His successor, Godfried Danneels, described him as an excellent weather-forecaster who knew from which direction the wind was blowing in the Church, and an experienced strategist who realized that he could not change the wind's direction but could set the sails to suit it. Pope John Paul II himself later attested that "Cardinal Suenens had played a decisive part in the Council".[7]

Relations with the Curia

In May 1969, an interview he gave to the French Catholic magazine Informations Catholiques Internationales in which he offered a passionate critique of the Roman Curia.[1] Eugène-Gabriel-Gervais-Laurent Tisserant subsequently demanded a retraction, but Suenens refused and declared that Tisserant's reaction as unacceptable and unfounded.[8] Ten years later, he reflected on the event and said, "There are times when loyalty demands more than keeping in step with an old piece of music. As far as I am concerned loyalty is a different kind of love. And this demands that we accept responsibility for the whole and serve the Church with as much courage and candor as possible."


Committed to ecumenism, he and Archbishop Michael Ramsey of Canterbury were close friends.[9]


During the Council's debates on marriage, Suenens accused the Church of holding procreation above conjugal love;[10] Pope Paul was greatly distressed by this and the Cardinal later denied "that he had questioned the authentic Church teaching on marriage".[11]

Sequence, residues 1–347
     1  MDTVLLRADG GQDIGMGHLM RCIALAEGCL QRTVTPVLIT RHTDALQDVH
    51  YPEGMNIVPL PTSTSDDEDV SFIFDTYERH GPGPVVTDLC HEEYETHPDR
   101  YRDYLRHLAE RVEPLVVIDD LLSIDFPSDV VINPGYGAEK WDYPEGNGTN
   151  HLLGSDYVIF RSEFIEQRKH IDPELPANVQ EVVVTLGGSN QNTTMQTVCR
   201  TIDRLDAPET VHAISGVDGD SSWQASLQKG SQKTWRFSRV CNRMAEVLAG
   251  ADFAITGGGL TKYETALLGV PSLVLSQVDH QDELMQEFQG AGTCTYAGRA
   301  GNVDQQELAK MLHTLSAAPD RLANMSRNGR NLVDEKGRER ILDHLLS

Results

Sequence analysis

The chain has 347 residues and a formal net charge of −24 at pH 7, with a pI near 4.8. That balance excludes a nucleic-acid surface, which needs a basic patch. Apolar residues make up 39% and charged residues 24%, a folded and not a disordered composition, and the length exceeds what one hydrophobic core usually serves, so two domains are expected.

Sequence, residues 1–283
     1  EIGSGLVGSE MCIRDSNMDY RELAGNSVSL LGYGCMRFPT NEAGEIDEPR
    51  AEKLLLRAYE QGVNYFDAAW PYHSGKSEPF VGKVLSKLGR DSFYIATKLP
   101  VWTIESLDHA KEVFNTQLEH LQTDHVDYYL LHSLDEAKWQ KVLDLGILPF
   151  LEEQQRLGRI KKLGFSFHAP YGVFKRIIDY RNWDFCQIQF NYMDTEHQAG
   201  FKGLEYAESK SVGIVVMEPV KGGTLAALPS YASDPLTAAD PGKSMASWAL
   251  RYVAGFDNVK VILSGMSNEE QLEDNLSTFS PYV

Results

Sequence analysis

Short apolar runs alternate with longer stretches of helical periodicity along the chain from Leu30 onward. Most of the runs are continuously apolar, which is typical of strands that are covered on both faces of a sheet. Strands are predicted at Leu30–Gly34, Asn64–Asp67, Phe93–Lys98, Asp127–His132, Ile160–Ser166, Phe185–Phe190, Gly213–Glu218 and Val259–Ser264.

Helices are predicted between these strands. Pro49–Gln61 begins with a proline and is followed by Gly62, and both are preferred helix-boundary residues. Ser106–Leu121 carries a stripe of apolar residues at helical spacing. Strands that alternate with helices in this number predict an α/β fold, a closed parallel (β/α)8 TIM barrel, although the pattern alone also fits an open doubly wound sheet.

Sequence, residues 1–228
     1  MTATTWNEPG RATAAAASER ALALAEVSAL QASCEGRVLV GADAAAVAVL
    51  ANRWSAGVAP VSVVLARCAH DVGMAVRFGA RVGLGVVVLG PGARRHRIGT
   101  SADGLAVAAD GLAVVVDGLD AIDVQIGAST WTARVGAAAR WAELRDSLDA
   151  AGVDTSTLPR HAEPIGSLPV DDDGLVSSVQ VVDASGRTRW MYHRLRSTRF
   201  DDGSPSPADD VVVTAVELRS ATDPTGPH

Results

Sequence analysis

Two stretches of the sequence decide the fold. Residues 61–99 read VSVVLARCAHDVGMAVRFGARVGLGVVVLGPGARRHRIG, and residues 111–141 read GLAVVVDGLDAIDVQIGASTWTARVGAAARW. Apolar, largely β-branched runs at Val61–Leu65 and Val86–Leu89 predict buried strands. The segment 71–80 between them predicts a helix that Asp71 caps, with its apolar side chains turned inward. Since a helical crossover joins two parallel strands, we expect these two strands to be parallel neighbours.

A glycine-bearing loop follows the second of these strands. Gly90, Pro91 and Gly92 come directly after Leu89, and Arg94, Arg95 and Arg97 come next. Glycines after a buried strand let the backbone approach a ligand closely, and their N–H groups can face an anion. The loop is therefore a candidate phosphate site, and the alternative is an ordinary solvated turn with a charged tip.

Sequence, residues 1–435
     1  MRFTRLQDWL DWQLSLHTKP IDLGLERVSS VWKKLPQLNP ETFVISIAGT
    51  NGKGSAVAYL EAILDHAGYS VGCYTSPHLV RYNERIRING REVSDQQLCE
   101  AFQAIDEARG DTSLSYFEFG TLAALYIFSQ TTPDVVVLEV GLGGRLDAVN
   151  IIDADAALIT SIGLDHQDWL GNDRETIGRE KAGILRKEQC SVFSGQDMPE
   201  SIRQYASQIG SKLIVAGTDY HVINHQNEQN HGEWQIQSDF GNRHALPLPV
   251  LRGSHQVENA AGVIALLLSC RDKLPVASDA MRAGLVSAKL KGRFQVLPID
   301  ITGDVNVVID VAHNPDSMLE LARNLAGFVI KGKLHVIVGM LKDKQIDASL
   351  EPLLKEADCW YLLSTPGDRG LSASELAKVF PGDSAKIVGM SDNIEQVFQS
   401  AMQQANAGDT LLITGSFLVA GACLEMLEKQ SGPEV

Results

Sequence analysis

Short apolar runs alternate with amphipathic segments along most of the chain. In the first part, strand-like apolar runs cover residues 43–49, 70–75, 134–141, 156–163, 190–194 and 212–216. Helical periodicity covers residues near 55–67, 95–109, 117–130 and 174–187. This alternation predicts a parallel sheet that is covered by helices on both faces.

Humanae Vitae

According to Time Magazine, Suenens counseled the Pope against the releasing of his Encyclical Letter Humanae Vitae.[12]

Orthodoxy and heterodoxy

Suenens once remarked, "If you don't believe in the Holy Spirit or Resurrection or life after death, you should leave the Church".[1]

Charismatic Renewal

He endorsed the Catholic Charismatic Renewal;[13][14] his episcopal motto was In Spiritu Sancto ("In the Holy Spirit").


See also


  1. ^ a b c "Roman Catholics: The Cardinal as Critic". TIME. 1969-08-01. Retrieved 2014-07-21. 
  2. ^
  3. ^ "Police 'Sex Abuse Cover Up' Raid on Belgian Cardinals' Tombs Slammed by Vatican". MedIndia. 2010-06-07. Retrieved 2015-06-21. 
  4. ^ "The Vatican Council: A Mind of Its Own". TIME. 1964-11-20. Retrieved 2014-07-21. 
  5. ^ "Roman Catholics: Council on the Move". TIME. 1963-11-08. Retrieved 2014-07-21. 
  6. ^ "Roman Catholics: The Prelates Speak Out". TIME. 1969-10-24. Retrieved 2014-07-21. 
  7. ^ [2]
  8. ^ Ibid.
  9. ^ "Compass Vol. 14 #3, Schaper and Catoir Articles". Retrieved 2014-07-21.